Girl in Florence

A Tuscan Texan immersed in Florentine life

Locals I love – Trine West


One really important reason that I continue living in my beloved city of Florence, Italy are the people I meet on a daily basis. Creating a life here worth staying very much includes the people that you make real connections with. Every week I want to {try} and blog about people I know who have made their life here and give a little background on what makes them tick. A ‘local’ to me is anyone who considers Firenze their home.

My first victim happens to be Trine West — one of my favorite bar owners/all around awesome person with the reddest hair I ever laid my eyes upon. Originally hailing from Denmark {viking roots?} she and her husband are the proud owners of one of my favorite watering holes, Lochness Lounge on via dei benci. Live music, trivia, good drinks and vivacious red walls – a pretty cool place to hang out on any given night. Nightlife in Florence can almost always be likened to visiting a place based on knowing someone there, that’s the Italian way and I would never give up the chance to share a prosecco and talk politics with Trine till the wee hours in the morning.

Naturally my first question to her was asking what her favorite drink is – because after all she owns a bar. 

Her answer? “spumante all the way (oh, yeah, and tequila)” 

Why am I not surprised? 

How long have you lived in Florence and where are you from originally.

I’m from Denmark and have been in Florence for 22 years this year, so actually I have spend more of my life here than in Denmark.

Wow that always amazes me, that you can be born in another place but actually spend more of your life in another country. That’s why so many of us are ‘nationality’ confused. What brought you to bella Firenze and why did you decide to stay?

My idea was to travel a few months here and there in Europe, working a little to make some cash and then to move on to somewhere else for a few months to do the same. Like I said, it’s been 22 years and I’m still here, never did do the whole travelling thing, but, you know, never say never 😉

What are you up to in Florence? Work, daily life, hobbies?

I am married to John who is English (so, no, that wasn’t my reason for staying ;). We have 2 children, Daniel who is 10 and absolutely LOVES football and more importantly Fiorentina! And Mattie who’s 7 and such a little girl, but also quite mad and tons of fun! They both speak English really well, and obviously Italian, that being their first language. No Danish for now, but I recon they still have the time to learn it.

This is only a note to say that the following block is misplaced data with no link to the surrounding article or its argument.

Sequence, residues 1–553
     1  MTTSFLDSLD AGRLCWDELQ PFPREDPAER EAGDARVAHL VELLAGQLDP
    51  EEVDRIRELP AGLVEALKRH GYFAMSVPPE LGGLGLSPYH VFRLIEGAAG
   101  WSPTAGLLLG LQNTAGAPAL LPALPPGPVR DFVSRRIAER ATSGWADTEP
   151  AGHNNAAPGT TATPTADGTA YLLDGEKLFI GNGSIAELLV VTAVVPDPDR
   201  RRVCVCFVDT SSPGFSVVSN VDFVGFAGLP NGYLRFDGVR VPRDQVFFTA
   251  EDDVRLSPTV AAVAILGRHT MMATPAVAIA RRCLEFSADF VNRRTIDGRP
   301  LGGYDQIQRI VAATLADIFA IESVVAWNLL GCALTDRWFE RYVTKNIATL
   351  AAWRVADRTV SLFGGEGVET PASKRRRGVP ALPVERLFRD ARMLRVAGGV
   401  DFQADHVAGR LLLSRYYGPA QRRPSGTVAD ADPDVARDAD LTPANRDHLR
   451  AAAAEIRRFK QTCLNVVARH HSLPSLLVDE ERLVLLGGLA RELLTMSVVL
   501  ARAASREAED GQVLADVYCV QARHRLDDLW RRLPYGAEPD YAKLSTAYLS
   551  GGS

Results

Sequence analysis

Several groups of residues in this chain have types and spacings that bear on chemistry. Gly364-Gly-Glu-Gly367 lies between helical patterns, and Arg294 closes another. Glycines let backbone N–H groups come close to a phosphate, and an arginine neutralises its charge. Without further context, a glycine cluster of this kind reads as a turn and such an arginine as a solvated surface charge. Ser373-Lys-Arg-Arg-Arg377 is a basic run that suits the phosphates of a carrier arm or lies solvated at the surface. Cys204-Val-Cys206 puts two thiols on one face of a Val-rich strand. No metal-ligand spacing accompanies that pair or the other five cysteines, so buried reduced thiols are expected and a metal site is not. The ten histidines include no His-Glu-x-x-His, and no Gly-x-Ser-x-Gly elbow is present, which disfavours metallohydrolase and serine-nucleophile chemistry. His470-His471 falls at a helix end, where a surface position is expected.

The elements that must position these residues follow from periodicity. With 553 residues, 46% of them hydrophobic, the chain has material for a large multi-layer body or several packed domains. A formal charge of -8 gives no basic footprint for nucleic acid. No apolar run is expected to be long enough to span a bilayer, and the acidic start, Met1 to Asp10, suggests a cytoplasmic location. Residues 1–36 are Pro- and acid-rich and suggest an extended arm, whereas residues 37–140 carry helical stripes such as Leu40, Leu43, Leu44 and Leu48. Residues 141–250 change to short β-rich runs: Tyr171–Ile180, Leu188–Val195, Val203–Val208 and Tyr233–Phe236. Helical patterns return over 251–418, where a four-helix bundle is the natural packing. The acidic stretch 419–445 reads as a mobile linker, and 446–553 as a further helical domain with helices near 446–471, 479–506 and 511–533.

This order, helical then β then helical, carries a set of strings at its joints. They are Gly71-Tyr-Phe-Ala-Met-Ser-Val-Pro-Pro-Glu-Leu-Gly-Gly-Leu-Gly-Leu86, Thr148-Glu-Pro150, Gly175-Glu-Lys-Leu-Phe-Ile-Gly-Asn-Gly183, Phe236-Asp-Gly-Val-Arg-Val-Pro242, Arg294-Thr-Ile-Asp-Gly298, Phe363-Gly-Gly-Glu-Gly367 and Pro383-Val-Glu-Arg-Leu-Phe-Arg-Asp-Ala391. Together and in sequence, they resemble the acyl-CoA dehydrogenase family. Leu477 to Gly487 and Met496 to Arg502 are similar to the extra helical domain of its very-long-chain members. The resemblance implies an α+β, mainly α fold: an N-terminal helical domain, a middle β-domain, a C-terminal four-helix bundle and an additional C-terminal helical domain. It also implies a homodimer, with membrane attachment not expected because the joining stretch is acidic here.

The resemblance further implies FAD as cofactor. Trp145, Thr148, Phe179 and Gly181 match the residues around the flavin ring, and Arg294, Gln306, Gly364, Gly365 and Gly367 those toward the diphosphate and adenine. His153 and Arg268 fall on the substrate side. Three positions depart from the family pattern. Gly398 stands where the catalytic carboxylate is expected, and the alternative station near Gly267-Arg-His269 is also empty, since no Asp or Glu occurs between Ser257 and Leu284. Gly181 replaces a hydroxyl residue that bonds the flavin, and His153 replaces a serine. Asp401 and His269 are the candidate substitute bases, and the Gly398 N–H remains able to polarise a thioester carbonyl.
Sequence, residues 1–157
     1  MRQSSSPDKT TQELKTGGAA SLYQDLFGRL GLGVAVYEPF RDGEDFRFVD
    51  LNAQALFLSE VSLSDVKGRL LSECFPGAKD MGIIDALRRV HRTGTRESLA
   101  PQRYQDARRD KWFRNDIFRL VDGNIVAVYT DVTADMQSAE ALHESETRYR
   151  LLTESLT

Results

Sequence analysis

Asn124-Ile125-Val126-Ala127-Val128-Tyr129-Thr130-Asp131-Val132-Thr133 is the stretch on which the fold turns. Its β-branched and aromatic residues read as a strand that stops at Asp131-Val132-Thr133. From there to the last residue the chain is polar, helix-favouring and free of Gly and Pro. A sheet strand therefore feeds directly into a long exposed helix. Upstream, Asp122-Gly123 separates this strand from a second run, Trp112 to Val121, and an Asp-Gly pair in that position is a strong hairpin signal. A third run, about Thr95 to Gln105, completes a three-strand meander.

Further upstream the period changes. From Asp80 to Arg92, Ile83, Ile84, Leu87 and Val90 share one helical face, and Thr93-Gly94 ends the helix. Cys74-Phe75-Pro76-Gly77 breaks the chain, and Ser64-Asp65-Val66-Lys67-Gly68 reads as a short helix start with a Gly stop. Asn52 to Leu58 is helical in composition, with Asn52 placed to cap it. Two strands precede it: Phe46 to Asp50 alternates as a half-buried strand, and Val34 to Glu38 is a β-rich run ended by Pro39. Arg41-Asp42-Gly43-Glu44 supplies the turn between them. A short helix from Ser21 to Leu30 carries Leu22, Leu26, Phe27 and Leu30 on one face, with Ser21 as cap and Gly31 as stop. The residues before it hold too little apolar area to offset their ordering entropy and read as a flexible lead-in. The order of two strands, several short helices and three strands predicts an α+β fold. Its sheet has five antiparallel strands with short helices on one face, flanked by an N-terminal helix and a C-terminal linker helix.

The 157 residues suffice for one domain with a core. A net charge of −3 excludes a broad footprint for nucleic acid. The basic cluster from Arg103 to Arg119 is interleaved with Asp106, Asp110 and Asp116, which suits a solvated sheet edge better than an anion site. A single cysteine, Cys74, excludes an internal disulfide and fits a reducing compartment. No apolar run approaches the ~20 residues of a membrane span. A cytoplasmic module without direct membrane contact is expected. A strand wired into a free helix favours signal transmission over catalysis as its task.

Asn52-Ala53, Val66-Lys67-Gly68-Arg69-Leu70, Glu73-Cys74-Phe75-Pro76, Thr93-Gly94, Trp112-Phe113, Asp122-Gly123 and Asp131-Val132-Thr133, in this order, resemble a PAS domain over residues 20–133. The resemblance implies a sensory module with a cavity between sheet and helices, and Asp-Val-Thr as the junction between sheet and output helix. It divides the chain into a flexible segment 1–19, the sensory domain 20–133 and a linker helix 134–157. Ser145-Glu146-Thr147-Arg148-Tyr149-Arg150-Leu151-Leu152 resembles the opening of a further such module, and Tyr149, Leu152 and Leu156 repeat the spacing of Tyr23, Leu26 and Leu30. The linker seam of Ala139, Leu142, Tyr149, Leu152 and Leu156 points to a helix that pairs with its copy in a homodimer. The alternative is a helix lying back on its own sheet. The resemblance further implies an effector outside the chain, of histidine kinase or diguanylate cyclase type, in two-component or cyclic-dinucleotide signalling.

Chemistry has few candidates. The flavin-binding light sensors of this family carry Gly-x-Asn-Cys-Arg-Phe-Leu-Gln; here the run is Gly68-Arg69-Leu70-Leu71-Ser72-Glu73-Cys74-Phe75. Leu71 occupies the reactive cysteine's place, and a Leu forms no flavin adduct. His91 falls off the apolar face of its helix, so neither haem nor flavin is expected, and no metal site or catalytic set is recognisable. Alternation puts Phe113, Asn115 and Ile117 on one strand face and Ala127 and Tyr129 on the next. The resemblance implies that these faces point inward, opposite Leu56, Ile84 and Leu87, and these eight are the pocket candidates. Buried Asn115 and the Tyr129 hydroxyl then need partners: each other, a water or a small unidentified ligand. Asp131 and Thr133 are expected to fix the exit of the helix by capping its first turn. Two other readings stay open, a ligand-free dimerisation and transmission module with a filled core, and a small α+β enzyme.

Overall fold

They are both quite the experts on Florence, both when it comes to monuments and history, but also local politics – the indoctrinating is endless ;). I own Lochness Lounge, a bar in via de’ Benci and have done so for 17 years. It’s hard work, you need to come up with new things and events all the time, but that is also what makes it so much fun!

I absolutely LOVE my job, I meet so many people and no two nights are ever the same. We try to have a varied program to keep it fresh, apart from DJ sets, we have live music, trivia nights, art exhibitions, and we have even done theatre there, we also organise a wide range of theme parties and semi private events.


I’m quite involved with local politics, something anyone who knows me can testify, especially these days, I seem to be boring everybody to death with my political views. I’m very much ”Renziana” (supporting Mayor Renzi) and have been since 2008 when he first ran for the primary elections in Florence. I was a candidate for the local council with him, I never did make it in, but he did and that was the point! I’m more than ready to support him for the next political campaign, be it locally or national!

That’s why when I was with you I got the chance to meet Renzi, nothing wrong with being passionate! What annoys you about Florence? Tell us the truth!

We quite like to complain here, about all sorts of things, nothing is hardly ever quite good enough, we also like to think that we are better than anybody else. Florentines are generally very confident, but I actually love that.

Me too! Do you think life in Italy is for everyone? Why does it work for you?

Italy is an amazing place to be, the art, the people, the food, the climate – the list is endless, but life is harder than most places. Little things just take that much longer to get done, be it official papers, paying your bills, or even getting served in shops, a little bit of patience is needed for sure. I have been here for such a long time, I consider myself, not necessarily Italian but most certainly Florentine, I can’t imagine living anywhere else, this is my home.

I feel like I am going down that road myself! What advice would you give a newbie?

Not to worry if your Italian is perfect, mix, mingle, chat to people! nobody cares if your grammar is a little off if only you make the effort. Never put cheese on pasta with fish or seafood, and never order cappuccino after midday ;). 

But a macchiato is fine right? 😉 – Three finds everyone should know about in Florence?